In previous chapters, we learned that there are several different tests that we can use to analyze data and test hypotheses. The type of test that we choose depends on the data available and what question we are trying to answer. We analyze simple descriptive statistics, such as the mean, median, mode, and standard deviation to give us an idea of the distribution and to remove outliers, if necessary. We calculate probabilities to determine the likelihood of something happening. Finally, we use regression analysis to examine the relationship between two or more continuous variables. We performed hypothesis tests on proportions, means, and for correlation.
In this chapter, you will learn about a very useful distribution - the (chi-squared) distribution. This distribution is useful because it allows us to test theories about categorical data, for which the normal and Student's t distributions do not apply. The chi-squared distribution also provides us with a method to test for the variance, or standard deviation, of a normal distribution, which we have not yet learned how to do.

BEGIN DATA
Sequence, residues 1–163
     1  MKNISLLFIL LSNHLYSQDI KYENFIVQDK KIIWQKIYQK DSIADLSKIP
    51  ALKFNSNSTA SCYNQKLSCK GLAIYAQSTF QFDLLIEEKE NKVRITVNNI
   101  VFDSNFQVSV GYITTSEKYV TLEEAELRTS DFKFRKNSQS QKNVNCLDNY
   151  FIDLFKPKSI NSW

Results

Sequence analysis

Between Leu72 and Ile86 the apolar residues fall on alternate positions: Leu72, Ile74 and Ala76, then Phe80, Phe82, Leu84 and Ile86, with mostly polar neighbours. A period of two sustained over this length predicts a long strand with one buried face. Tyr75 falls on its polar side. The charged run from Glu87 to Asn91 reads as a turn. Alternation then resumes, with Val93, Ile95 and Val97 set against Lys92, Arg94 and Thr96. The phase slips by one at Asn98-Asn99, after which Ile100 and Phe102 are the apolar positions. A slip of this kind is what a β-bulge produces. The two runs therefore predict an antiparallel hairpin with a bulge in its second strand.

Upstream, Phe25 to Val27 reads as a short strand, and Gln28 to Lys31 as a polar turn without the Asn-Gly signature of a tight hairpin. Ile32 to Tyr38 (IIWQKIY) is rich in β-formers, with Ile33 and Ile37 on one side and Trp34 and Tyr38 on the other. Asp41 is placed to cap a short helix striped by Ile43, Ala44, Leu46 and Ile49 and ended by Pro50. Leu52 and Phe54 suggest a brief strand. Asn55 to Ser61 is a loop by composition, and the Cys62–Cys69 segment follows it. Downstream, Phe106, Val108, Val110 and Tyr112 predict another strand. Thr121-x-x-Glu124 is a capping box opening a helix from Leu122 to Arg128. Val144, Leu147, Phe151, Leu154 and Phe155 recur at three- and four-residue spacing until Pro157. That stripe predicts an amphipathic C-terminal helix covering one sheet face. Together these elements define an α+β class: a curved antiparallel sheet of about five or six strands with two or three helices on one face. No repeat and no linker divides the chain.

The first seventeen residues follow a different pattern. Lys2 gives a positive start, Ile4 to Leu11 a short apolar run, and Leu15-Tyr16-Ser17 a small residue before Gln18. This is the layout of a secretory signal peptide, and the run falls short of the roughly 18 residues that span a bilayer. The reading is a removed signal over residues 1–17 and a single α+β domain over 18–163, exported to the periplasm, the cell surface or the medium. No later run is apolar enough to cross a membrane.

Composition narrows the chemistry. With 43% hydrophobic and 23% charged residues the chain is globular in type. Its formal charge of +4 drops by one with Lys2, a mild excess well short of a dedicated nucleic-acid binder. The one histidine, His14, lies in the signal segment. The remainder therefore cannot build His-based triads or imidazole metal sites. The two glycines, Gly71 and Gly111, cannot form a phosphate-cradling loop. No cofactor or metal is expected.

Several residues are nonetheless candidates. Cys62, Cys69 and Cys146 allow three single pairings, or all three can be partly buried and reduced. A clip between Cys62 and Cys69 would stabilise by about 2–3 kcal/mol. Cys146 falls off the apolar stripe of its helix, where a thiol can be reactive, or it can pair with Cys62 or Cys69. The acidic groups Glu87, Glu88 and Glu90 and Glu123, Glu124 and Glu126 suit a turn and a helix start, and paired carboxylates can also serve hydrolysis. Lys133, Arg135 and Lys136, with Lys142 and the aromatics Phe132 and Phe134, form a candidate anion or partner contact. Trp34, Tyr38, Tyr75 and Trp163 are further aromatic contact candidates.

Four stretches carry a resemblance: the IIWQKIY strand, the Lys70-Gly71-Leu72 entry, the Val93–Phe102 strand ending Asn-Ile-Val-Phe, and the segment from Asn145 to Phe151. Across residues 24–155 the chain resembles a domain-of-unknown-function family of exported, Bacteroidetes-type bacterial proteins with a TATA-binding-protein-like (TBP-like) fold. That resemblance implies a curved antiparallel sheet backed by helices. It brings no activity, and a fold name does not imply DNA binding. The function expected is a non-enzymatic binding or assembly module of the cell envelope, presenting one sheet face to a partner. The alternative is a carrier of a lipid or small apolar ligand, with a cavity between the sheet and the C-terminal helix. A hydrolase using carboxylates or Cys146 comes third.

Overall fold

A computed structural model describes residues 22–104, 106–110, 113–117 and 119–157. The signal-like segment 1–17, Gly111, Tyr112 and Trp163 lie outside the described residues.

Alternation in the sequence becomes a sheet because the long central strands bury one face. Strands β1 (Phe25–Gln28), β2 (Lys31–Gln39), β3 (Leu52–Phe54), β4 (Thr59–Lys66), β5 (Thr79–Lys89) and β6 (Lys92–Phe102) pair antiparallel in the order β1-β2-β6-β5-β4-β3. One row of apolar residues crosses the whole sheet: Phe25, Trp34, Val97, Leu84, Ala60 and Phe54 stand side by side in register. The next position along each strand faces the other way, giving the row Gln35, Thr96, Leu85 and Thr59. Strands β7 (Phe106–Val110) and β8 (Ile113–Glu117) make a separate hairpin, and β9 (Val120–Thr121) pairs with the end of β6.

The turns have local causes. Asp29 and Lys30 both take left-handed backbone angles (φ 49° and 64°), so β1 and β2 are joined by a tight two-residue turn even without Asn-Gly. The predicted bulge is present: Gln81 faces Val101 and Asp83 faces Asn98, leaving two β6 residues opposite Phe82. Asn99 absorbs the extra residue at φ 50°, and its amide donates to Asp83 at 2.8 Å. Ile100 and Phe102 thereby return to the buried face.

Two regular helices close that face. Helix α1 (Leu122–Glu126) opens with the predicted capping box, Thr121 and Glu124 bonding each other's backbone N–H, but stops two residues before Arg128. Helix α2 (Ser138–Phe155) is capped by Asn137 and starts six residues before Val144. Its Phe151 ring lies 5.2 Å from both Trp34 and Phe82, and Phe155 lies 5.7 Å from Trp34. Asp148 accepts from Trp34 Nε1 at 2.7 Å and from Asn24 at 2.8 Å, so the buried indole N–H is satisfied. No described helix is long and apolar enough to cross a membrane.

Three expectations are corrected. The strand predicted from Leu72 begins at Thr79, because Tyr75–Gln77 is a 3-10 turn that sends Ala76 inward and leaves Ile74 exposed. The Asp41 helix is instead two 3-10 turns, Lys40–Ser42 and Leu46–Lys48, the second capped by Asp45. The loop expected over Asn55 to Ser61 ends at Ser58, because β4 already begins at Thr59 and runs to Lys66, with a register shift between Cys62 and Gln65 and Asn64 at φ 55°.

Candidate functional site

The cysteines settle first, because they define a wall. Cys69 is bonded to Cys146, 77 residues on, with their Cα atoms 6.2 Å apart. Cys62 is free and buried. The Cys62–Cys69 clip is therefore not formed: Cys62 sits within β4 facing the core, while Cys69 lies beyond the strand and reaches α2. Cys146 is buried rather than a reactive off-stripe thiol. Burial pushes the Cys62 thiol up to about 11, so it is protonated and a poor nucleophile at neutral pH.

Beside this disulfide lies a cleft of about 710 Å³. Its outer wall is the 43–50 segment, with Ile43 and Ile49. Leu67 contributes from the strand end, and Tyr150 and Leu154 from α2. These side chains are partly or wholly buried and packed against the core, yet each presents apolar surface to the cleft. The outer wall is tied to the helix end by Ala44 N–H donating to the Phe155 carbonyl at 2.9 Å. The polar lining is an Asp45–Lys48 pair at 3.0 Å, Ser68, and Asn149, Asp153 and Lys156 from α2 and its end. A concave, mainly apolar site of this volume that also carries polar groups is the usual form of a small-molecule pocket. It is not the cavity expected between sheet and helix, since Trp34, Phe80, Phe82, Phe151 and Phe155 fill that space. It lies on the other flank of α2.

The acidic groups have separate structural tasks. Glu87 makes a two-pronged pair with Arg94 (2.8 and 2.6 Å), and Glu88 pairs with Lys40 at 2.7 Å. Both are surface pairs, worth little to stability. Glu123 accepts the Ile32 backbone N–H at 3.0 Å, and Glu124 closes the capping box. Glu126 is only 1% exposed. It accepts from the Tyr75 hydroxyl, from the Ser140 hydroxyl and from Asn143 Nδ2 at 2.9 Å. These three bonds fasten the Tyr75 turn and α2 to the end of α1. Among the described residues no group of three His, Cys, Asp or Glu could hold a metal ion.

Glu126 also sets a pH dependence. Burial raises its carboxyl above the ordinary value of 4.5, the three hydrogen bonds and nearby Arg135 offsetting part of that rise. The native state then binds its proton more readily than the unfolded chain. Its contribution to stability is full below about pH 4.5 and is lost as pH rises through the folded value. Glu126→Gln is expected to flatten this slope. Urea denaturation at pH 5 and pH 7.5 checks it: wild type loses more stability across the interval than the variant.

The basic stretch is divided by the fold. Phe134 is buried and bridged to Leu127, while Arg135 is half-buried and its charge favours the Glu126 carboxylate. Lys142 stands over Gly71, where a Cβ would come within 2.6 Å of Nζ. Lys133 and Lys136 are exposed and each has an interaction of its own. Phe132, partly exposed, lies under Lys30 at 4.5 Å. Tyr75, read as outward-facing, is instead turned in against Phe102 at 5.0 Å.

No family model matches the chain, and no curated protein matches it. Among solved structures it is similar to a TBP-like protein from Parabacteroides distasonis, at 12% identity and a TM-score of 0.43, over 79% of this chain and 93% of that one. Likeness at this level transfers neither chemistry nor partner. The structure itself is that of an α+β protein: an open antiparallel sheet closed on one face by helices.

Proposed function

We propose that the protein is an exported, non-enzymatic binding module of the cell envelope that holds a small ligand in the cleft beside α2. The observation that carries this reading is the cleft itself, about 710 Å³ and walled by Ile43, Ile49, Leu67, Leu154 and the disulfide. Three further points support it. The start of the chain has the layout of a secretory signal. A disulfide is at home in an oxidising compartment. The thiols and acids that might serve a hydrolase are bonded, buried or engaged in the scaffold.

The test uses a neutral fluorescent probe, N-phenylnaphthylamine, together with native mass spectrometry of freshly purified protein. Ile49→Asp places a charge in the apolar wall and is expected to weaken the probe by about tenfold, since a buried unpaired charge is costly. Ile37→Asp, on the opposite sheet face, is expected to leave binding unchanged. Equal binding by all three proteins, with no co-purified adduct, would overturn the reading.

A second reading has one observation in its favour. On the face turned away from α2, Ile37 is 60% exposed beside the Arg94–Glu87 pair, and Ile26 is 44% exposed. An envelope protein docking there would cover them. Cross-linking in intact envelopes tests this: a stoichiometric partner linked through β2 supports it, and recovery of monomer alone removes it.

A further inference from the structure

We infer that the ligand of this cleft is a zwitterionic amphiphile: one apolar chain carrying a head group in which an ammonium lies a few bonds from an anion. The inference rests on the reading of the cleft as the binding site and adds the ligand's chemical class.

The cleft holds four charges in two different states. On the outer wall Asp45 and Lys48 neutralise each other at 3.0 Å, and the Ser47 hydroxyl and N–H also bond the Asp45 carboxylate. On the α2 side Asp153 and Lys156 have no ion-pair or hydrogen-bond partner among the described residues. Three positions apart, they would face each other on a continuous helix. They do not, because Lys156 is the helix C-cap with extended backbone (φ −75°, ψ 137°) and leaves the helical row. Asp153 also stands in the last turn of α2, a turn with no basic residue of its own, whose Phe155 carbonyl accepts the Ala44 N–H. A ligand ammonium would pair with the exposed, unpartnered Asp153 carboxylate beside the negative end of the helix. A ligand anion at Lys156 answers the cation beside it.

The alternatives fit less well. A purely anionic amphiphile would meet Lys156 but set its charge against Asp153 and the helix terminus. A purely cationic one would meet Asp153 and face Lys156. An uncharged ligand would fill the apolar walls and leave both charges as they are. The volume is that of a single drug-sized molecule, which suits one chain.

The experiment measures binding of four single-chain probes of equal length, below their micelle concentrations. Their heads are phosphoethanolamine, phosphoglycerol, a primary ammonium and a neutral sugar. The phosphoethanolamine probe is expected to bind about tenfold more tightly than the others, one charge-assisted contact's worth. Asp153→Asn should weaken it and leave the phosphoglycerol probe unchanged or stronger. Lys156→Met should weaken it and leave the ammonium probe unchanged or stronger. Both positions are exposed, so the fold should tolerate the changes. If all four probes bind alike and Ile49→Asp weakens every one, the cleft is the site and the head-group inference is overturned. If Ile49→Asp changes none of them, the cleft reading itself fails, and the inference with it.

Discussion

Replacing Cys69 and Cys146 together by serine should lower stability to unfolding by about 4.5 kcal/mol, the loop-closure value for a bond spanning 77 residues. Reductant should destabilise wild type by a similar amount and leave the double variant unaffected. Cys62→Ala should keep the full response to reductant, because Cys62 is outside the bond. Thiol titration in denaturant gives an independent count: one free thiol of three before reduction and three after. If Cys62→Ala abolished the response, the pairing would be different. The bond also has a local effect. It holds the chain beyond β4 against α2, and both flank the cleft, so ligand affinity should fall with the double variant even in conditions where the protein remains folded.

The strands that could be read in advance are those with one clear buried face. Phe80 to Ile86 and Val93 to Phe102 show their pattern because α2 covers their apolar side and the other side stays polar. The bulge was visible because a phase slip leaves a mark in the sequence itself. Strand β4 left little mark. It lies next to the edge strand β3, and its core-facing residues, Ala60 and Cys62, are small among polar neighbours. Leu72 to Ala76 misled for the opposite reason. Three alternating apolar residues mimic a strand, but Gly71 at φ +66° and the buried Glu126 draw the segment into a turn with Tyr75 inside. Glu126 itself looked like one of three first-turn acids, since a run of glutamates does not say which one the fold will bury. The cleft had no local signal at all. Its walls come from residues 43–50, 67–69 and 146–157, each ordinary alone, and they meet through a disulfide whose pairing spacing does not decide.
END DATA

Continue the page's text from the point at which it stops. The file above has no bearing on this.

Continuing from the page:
In this chapter, students will learn about the distribution. They will learn how to use the goodness-of-fit, independence and homogeneity tests on categorical data using contingency test. Finally, students will learn how to test a hypothesis about a variance, or standard deviation using the chi-squared distribution.